Source: Nishi SPE, et al. Pulmonary rehabilitation use in older adults with chronic obstructive pulmonary disease, 2003-2012; J Cardiopulm Rehabil Prev. 2016; In press.
June 27, 2016
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Few patients with COPD use pulmonary rehabilitation

Source: Nishi SPE, et al. Pulmonary rehabilitation use in older adults with chronic obstructive pulmonary disease, 2003-2012; J Cardiopulm Rehabil Prev. 2016; In press.
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Recent findings published in the Journal of Cardiopulmonary Rehabilitation and Prevention showed that only 3.7% of older patients with chronic obstructive pulmonary disease used pulmonary rehabilitation as of 2012.

“From 2003 to 2012, subjects enrolled in [pulmonary rehabilitation (PR)] modestly increased,” Shawn P.E. Nishi, MD, co-author and assistant professor of internal medicine at the University of Texas Medical Branch, and colleagues wrote. “However, despite becoming an allowable benefit under Medicare since 2010, PR use remains low.”

In 2010, PR was approved for both Medicare and Medicaid. However, there are no studies that have described PR use among patients with chronic obstructive pulmonary disease (COPD) in the United States.

To assess trends in PR use, Nishi and colleagues performed a retrospective study. They identified Medicare beneficiaries with COPD who received PR between 2003 and 2012, and performed a multivariable analysis to identify factors associated with its use.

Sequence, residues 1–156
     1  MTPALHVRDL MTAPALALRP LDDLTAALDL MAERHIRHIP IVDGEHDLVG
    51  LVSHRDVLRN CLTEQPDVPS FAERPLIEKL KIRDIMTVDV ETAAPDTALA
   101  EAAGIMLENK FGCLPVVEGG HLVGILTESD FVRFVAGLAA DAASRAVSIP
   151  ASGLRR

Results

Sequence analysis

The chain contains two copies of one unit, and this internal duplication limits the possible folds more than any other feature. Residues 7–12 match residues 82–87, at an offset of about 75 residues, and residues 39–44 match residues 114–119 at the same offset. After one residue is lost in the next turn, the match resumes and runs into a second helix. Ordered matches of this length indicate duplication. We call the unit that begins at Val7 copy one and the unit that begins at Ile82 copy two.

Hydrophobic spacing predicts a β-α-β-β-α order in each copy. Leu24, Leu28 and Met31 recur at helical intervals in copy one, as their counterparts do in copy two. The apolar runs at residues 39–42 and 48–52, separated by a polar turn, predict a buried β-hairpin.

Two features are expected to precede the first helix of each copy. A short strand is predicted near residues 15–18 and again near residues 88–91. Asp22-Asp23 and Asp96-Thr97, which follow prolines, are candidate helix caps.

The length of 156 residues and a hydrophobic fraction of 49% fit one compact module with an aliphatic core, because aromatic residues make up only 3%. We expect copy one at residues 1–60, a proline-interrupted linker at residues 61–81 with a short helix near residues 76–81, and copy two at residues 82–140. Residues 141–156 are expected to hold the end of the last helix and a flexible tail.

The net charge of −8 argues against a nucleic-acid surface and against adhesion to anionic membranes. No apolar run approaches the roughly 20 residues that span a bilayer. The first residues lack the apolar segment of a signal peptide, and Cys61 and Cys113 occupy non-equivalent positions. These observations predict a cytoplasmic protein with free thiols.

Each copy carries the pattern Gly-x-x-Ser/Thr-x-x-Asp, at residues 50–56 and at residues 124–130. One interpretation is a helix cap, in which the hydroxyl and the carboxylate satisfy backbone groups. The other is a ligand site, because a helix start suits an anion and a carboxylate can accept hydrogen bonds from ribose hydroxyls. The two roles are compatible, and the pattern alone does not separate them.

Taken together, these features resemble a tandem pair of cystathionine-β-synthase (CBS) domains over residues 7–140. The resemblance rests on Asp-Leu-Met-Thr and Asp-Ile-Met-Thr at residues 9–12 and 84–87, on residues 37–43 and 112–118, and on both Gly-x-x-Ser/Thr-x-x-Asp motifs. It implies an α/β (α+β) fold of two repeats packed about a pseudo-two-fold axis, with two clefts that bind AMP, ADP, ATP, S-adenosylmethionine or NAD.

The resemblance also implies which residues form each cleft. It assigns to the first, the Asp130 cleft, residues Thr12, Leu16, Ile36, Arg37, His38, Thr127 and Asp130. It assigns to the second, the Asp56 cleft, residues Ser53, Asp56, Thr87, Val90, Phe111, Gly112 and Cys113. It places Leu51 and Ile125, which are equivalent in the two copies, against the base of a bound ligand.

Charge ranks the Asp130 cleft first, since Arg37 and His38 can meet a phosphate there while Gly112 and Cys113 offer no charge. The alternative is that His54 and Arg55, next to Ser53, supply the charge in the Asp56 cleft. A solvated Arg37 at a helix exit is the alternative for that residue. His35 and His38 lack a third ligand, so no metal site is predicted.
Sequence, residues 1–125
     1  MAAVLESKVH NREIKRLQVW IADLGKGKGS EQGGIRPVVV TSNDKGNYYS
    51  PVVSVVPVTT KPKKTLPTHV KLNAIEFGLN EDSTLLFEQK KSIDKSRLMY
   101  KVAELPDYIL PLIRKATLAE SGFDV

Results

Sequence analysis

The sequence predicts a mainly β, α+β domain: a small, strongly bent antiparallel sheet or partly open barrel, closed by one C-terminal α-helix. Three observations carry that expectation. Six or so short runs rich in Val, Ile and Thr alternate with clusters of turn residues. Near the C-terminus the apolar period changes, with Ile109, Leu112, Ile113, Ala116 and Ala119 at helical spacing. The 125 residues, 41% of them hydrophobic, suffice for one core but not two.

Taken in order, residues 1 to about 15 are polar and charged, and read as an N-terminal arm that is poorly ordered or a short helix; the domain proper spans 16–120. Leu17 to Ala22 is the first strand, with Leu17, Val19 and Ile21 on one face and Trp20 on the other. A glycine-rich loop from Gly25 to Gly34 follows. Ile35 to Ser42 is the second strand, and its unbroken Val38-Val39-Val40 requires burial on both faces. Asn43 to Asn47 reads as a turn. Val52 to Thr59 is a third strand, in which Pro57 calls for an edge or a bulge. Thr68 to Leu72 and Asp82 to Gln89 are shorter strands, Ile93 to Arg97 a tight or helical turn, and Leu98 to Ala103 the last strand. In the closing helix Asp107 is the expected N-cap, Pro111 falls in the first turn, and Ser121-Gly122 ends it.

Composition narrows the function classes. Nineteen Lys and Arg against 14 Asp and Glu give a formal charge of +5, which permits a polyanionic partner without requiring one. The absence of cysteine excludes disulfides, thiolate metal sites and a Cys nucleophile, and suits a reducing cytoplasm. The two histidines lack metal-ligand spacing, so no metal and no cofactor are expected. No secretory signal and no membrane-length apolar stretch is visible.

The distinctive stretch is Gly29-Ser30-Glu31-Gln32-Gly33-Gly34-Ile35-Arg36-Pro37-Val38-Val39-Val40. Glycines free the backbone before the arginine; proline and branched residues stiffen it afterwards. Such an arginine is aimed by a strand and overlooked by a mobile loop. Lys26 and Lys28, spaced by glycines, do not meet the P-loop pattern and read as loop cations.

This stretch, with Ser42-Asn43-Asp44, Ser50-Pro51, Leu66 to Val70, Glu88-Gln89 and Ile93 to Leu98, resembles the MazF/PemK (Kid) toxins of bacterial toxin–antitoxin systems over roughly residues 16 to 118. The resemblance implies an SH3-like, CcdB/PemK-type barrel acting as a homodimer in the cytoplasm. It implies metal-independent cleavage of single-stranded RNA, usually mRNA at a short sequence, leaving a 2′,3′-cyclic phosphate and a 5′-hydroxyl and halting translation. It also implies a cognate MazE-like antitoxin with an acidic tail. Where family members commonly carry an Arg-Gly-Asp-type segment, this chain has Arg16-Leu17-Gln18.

They found that the number of individuals with COPD who received PR increased from 2.6% in 2003 to 3.7% in 2012 (P = .001). In the multivariable analysis, being younger, having a non-Hispanic white race, belonging to a higher socioeconomic class, having multiple comorbidities and being evaluated by a pulmonary physician were all associated with PR use. In addition, the modest increase in PR use was primarily an increase in frequency for those who already used PR, and not an increase in new PR users.

The result of low PR use is consistent with previous international studies that reported between a 1% and 2% PR use in patients with COPD, the researchers wrote. A recent survey showed that although 32% of primary care physicians had PR available, only 3% believed it was beneficial for patients.

“As we shift from volume- to value-based reimbursement, it is prudent for every health system to offer hospital- or community-based PR services to its patients with COPD,” the researchers wrote. “Products are under development to offer low cost PR applications for patients who are technology savvy and/or located in a health care system without PR in the vicinity.” – by Will Offit

Disclosures: The researchers report no relevant financial disclosures.